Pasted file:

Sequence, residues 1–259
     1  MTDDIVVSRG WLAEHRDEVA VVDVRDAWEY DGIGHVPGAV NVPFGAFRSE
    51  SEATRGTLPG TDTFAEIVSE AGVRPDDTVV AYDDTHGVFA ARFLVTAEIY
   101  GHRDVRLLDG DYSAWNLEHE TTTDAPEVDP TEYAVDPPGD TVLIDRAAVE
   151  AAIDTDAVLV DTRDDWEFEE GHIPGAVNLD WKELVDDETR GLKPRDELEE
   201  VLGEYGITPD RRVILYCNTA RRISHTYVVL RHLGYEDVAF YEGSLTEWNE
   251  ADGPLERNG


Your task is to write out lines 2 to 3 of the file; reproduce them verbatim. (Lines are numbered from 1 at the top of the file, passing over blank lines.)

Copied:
     1  MTDDIVVSRG WLAEHRDEVA VVDVRDAWEY DGIGHVPGAV NVPFGAFRSE
    51  SEATRGTLPG TDTFAEIVSE AGVRPDDTVV AYDDTHGVFA ARFLVTAEIY